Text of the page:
How much is enough? At what point can we find balance between the mostly-unplugged life we’re anticipating afloat, and the ability to access weather info when we need it? How often do we really need to check in with our land-life family and friends? Do we need to pay the big bucks for the Iridium GO package, or can we hang with just a WiFi extender antenna?

Yeah, we don’t know. We want to have options, but we need to protect our budget. We need emergency contact ability, but I’m not sure we need eight different avenues to call the Coast Guard. We want to keep friends up to date, but wow, do we dislike Facebook. Mostly, we feel a pressing need to figure everything out right now, because we won’t be ordering an extra iPad in Cuba, or trying to pick up another digital camera in the San Blas islands. We are in the throes of Cyber Monday, and the pressure to purchase is intense.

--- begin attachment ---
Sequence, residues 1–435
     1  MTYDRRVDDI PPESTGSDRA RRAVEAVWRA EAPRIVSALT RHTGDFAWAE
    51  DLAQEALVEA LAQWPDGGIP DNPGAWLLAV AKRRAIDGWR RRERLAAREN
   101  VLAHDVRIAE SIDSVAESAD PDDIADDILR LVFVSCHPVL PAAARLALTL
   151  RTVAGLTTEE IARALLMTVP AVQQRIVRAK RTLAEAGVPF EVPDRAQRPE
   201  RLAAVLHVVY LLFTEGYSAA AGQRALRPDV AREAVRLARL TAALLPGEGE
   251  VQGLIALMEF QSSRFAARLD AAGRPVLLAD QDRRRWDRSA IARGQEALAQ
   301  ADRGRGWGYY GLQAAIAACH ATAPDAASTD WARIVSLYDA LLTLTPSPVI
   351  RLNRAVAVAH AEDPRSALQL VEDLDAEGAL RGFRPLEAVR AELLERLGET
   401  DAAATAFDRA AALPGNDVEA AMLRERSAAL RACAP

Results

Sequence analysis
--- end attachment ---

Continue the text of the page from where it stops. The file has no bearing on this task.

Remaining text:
But really, whatever we have when we leave will be sufficient. Humans adapt. If we don’t have all the toys (and we certainly won’t have ALL the toys), we’ll just use what we have. The best boat to cruise is the one that you own, and I figure that goes for the extra bits as well.

Living room, or sail loft?

Why not both?

Why not both?